George has a daughter Amanda, a young divorced mother of a toddler, who has problems with anger, self-acceptance, and despair. Her story is more realistic and sometimes funny, and would probably give this adult novel crossover appeal to a YA audience. The humorous Mehmet, a twenty-something assistant at George's store, is also a young character that would appeal to a YA reader.
I read a children's book, "A Monster Calls", by Patrick Ness a few years ago and was very impressed. Although I enjoyed "The Crane Wife", I felt that there was a bit too much going on at once with a fantasy (the volcano and the lady) within another fantasy (George and the crane/Kumiko), plus Amanda's emotional journey. The author writes beautifully, has a sense of humor, and understands human nature. I just prefer his simpler stories to a more convoluted one.
Lewis Nordan shows us a 1955 rural Mississippi Delta town, and how its inhabitants have been impacted by the lynching of Bobo, a 14-year-old black boyLewis Nordan shows us a 1955 rural Mississippi Delta town, and how its inhabitants have been impacted by the lynching of Bobo, a 14-year-old black boy from Chicago. The real murder of Emmett Till, who allegedly wolf whistled or flirted with a white woman, was the inspiration for this book.
The book weaves a story about the people living in Arrow Catcher, mostly poor whites and even poorer blacks. There is a culture of racism, violence, and alcoholism. A bit of the Southern Gothic comes through with mentions of the grotesque. Satirical humor is present in the interactions between people, and a talking parrot adds some comic elements. (The murder itself was treated as the tragic event that it was.)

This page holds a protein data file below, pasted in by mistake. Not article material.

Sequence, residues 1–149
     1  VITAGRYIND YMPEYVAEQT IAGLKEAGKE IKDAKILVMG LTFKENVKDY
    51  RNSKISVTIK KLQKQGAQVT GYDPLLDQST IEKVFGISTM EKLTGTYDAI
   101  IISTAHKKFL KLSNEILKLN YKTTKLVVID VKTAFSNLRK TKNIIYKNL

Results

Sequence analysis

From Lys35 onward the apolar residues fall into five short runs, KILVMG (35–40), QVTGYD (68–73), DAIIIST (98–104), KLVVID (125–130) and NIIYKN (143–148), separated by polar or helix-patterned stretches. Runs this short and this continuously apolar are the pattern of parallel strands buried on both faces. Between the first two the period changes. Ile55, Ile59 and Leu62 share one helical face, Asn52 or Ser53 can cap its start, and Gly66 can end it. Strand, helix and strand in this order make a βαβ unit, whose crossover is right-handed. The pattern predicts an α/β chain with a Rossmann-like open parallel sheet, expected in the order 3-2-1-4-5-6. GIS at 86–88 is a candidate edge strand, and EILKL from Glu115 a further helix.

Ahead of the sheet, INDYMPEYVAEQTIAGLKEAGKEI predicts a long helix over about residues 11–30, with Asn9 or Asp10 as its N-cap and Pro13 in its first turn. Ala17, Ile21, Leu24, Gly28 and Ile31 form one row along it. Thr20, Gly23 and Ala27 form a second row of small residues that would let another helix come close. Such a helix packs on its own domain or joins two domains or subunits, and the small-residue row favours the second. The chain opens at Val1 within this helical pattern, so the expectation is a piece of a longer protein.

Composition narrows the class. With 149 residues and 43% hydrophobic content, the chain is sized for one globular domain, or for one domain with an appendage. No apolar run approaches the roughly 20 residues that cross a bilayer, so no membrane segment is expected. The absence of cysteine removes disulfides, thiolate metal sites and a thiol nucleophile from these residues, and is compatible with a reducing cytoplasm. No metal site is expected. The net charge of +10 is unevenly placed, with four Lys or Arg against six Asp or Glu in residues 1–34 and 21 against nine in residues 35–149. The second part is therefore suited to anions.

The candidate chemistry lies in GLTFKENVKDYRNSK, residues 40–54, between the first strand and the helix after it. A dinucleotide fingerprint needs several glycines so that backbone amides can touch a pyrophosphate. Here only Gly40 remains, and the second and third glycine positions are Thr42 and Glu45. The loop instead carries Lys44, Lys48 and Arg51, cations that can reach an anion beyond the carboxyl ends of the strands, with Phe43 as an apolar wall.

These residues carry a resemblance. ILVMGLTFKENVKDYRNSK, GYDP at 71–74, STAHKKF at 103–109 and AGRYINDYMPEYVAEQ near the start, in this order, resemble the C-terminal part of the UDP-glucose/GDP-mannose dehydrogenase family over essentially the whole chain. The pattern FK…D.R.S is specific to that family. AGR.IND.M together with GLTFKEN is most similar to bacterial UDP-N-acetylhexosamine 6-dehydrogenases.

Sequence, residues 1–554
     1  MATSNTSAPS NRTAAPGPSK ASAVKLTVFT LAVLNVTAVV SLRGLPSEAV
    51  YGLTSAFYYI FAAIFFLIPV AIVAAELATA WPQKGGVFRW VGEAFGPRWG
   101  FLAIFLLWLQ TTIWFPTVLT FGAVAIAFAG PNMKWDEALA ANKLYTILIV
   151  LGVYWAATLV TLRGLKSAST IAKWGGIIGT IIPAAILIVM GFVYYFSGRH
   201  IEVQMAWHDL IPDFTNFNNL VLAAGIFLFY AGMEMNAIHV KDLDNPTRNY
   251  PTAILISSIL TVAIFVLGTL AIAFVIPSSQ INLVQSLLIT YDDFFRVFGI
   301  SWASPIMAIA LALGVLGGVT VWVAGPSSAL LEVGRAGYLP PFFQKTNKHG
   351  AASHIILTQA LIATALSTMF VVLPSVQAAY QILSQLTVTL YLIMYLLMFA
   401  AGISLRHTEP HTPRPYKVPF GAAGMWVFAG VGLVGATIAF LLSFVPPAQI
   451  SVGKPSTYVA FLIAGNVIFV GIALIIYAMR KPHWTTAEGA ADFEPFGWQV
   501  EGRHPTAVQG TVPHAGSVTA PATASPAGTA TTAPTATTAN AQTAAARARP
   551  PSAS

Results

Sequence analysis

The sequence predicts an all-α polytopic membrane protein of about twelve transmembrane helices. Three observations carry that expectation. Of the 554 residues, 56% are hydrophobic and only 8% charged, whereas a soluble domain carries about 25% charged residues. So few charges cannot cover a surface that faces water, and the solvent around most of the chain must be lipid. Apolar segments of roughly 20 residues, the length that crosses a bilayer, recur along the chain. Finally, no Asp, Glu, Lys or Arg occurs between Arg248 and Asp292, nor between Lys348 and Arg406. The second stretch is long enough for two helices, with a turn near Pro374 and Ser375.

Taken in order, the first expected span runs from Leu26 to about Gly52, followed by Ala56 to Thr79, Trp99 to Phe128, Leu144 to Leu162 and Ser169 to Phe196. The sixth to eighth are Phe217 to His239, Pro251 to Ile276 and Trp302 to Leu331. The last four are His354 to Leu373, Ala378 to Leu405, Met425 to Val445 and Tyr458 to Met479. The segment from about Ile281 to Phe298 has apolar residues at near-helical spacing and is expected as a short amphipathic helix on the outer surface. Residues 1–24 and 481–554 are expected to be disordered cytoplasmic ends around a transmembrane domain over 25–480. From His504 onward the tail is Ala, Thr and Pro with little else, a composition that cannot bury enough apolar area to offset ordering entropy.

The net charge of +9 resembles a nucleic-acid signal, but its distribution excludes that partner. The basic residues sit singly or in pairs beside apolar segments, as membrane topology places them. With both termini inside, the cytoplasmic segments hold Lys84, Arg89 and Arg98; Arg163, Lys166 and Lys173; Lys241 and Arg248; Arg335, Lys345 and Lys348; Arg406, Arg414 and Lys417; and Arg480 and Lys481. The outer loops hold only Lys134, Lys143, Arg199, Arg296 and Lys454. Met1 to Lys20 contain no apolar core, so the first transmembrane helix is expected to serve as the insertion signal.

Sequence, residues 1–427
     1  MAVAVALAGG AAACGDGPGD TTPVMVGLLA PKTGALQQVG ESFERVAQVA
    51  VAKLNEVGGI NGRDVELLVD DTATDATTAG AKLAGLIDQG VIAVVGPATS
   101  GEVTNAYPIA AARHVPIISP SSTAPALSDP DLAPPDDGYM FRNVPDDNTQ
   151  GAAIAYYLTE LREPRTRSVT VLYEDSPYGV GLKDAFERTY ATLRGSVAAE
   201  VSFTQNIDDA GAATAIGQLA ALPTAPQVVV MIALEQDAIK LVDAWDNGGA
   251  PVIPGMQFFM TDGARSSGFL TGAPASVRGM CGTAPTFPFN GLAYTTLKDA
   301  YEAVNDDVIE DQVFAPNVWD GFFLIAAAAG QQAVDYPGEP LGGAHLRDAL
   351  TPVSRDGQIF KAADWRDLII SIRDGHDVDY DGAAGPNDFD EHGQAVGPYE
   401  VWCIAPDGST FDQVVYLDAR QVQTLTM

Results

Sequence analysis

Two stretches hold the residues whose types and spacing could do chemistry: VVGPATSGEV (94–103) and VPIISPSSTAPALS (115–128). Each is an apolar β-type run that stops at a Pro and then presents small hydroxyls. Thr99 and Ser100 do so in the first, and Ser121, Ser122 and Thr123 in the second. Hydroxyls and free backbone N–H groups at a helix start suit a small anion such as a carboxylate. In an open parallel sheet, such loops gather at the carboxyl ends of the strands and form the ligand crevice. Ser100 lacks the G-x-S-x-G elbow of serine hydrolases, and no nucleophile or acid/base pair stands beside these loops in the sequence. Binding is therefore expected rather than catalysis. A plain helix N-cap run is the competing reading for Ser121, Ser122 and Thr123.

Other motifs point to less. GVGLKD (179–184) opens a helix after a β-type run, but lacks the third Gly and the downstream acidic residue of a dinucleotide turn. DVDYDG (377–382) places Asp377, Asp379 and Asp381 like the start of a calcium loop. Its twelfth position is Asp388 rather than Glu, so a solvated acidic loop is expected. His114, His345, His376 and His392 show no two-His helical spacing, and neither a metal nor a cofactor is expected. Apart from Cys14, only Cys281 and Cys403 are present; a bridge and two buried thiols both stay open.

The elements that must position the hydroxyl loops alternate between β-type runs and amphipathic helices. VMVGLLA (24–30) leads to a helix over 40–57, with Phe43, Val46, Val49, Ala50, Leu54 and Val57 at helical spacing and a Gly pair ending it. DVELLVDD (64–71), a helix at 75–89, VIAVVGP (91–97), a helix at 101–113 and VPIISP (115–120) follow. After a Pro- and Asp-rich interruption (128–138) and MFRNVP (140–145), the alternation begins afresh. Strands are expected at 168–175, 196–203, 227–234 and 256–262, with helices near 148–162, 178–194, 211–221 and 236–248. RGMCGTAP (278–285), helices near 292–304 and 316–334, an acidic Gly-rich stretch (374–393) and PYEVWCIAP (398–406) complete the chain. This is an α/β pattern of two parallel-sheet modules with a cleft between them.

Black men singing the blues set a sad musical tone in the first half of the book. A group of ancient black buzzards, who had feasted on the corpses during the Civil War, adds to the ominous feeling. Alice, a young schoolteacher, has a vision of a dead child in a raindrop.
After Bobo is murdered, with a bullet knocking an eye from its socket, he watches the coverup through the dislodged eye. "Through the demon eye he saw Solon, tense behind the steering wheel, holding the truck on its true course until he reached the safety of the other side, rain still falling like pennies from heaven, dirty copper, the headlights, demon eyes themselves, laying beams like gangplanks on a pirate ship."
Alice takes her fourth grade students on a field trip to the courthouse to watch the trial of the two men arrested for the murder. What will the next generation learn about justice? Will the idealistic teacher be a vehicle for change?
Lewis Nordan tells this story with a combination of history, ethics, magical realism, humor, and just good storytelling. It's a creative combination that works!
The gorgeous cover drew me to Blackbird House, and this book of twelve interwoven short stories did not disappoint me. The stories are set on a smallThe gorgeous cover drew me to Blackbird House, and this book of twelve interwoven short stories did not disappoint me. The stories are set on a small farm in a fishing village on Cape Cod from the 18th Century to the present time. Residents of the Blackbird House have experienced many challenges in life, and deep love that makes it all worthwhile.